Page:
32 Questions: Who will get the carries for Oakland?

Who gets the carries in Oakland?

Last season, the Raiders were trying to figure out how LaMont Jordan and Dominic Rhodes were going to split carries. But by the end of the season, it was longtime bench guy Justin Fargas who emerged as the main man, rushing for 1,009 yards and four TDs despite starting just seven games. He even earned ESPN Fantasy Hall of Fame honors in the process.

Despite that great season, which also netted him a three-year, $12 million deal, the Raiders still went out and took Darren McFadden with the fourth-overall pick in the draft. So like last season, the Raiders have to figure out how to dole out the carries, although they've got at least two solid options at their disposal. Committee systems might not be the favorite of fantasy owners, but it does seem to work for a number of teams. With the passing game still a major question mark with JaMarcus Russell entering his first full season as the starter, the Raiders should be counting on their running game a lot. Last season, they ranked sixth in the league with 130.4 rushing yards per game and were fourth in carries 508, so they're committed to the run.

That commitment means Fargas and McFadden should each get enough carries to stay fantasy relevant. Fargas has been anointed the team's starter and has been treated as such so far this preseason, as he's been limited to just eight carries for 28 yards in the Raiders' first two preseason games. There's no need to expose him to injury when the team knows what they're getting from him, especially since Fargas missed the final two games of last season with a sprained MCL and has had a history of injury issues during his career.

Meanwhile, McFadden has gotten 18 carries for 92 yards in his first two preseason games, and has made a couple of big plays to get Raiders fans and fantasy owners excited about his prospects for this season and beyond. While he was going to get his share of carries because of his draft status, he's at least proving he deserves them.

Obviously, McFadden has the most upside, given his speed and big-play ability. He can also carry the bulk of the rushing load if need be, although he can share carries as well, as seen in his arrangement with Felix Jones during their three years together at Arkansas.

However, Fargas is the starter and probably gets the first crack carrying the load to open the season, with McFadden getting in a healthy share of touches as the Raiders figure out how best to use him. But just because you're officially the starter doesn't mean you're the one with the most fantasy value, either. Julius Jones started all 16 games in the regular season for the Cowboys last season, although Marion Barber was obviously the better back. During the Colts' 2006 Super Bowl campaign, Rhodes started all 16 regular-season games over Joseph Addai, but Addai had the better fantasy season (and eventually became the starter during the playoffs).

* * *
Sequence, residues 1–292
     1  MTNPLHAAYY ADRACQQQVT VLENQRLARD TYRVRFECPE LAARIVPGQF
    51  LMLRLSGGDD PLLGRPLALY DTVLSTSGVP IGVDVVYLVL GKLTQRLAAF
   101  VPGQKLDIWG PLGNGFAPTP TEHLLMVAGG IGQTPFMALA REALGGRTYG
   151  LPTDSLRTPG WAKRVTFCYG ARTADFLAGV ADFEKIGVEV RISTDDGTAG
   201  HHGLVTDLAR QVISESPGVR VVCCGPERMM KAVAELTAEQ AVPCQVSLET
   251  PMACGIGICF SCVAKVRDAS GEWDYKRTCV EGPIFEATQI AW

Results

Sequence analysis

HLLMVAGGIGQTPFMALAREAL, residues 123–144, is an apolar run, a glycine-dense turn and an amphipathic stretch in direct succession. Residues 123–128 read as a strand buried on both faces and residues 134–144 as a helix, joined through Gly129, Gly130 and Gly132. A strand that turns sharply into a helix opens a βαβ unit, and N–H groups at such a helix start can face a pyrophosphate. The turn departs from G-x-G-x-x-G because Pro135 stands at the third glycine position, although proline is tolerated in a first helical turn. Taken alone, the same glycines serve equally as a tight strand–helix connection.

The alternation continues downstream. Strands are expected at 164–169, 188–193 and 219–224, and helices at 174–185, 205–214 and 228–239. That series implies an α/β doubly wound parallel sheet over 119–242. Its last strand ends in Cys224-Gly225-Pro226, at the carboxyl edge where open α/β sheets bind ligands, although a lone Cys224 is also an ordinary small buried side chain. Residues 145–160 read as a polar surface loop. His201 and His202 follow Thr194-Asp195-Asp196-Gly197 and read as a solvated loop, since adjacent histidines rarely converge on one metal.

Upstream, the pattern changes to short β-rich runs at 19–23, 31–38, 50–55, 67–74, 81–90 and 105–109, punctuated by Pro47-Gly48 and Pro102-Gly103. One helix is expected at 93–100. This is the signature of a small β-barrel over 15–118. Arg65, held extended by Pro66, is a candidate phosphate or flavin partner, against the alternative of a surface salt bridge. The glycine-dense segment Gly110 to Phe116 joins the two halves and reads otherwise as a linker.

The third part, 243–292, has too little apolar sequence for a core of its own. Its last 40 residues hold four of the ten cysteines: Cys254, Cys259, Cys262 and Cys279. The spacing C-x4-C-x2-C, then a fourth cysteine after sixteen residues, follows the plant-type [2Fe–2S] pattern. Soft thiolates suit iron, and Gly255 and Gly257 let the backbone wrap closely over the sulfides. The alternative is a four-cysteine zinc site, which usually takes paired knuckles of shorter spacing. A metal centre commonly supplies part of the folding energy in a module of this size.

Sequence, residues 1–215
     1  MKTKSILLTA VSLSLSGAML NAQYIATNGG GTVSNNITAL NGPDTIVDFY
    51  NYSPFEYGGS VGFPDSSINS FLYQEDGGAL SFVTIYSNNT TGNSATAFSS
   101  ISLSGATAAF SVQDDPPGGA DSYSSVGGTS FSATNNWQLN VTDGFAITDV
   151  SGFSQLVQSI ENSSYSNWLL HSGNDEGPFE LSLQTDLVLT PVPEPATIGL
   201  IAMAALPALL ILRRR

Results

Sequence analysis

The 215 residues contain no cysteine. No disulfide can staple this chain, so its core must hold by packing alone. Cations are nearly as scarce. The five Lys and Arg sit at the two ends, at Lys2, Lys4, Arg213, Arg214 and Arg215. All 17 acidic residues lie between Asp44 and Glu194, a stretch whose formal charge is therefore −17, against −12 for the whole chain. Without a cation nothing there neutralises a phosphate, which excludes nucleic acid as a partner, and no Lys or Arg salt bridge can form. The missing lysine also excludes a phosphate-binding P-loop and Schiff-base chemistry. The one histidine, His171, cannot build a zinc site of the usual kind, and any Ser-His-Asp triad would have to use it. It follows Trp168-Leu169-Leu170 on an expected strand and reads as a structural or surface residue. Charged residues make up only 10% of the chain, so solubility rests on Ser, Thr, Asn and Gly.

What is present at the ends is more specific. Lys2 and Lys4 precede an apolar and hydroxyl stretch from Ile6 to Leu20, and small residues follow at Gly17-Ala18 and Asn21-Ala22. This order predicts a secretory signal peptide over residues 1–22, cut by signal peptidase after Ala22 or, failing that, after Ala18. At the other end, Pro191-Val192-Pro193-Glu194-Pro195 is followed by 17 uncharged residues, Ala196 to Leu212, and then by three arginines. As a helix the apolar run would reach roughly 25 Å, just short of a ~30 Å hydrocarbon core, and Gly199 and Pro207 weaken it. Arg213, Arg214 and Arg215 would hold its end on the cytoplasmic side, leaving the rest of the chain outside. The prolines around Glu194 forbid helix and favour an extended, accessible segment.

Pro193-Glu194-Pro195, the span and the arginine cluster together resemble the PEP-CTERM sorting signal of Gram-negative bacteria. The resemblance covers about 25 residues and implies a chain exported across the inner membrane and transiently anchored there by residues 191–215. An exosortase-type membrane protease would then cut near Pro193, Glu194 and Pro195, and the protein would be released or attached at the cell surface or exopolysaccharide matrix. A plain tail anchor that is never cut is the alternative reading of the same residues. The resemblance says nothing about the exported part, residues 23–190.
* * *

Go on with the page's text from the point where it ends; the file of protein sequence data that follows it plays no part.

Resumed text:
But this situation looks a lot like what the Vikings had last season with Adrian Peterson and Chester Taylor. Peterson was the hot-shot rookie that was drafted despite a big season from Taylor, a former backup who thrived when given a chance to start. Yes, they split carries and starting assignments (and they even started one game together), but in the end, Peterson finished with 238 carries for 1,341 yards and 13 total TDs, while Taylor finished with 157 carries for 844 yards and seven scores. Taylor was officially the starter in Week 1, but Peterson was the guy with all the stats in the game. As the season progressed, Taylor often gave way to Peterson in terms of overall numbers, but was able to pick up some of the slack when Peterson injured his knee late in the season.

It will be asking a lot for McFadden to match Peterson's overall production from last season (although the expectations are already high), but it wouldn't be surprising if the carries are split in a similar fashion, with McFadden taking on more responsibility later in the season. The Raiders will have some flexibility with their ground attack, so they can take their time grooming McFadden to be the main man. That might mean Fargas gets 15-20 carries early on before sliding back to the 7-10 range as the season goes on, with McFadden starting out in the 10-15 range and slowly increasing, obviously depending on the matchups and game situations.

However, there is a wild card in this situation in the form of Michael Bush, a fourth-round pick in 2007 who missed all of last season recovering from a broken leg suffered during his senior season at Louisville in 2006. Bush, listed at 6-1 and 245 pounds, might be the Raiders' best option in short-yardage and goal-line situations given his size. With Fargas scoring only four touchdowns during his breakout 2007 (although three in his final four games), he might not be the most reliable guy at the goal line, and it remains to be seen if McFadden can be that guy. The Raiders are giving Bush a lot of looks this preseason, he's had 22 carries for 86 yards and a TD in their first two games, so like McFadden, Bush seems to be doing enough to get a role somewhere in the running back rotation.

Bush's presence might suppress both McFadden's and Fargas' fantasy values if he vultures his share of goal-line carries and keeps them from reaching the end zone on a regular basis. And he'd be a great player to have in TD-only leagues if the Raiders indeed use him as their goal-line back.

The Raiders should keep on riding that running game, so 500 carries wouldn't be out of the question. Our current projections have McFadden at 210 carries, Fargas with 168, Bush with 54, and (if we stick with the 500 carries) 68 spread among everyone else. That sounds about right, and as we've seen before, running backs can be very productive with those amount of carries.

James Quintong is an editor for ESPN Fantasy.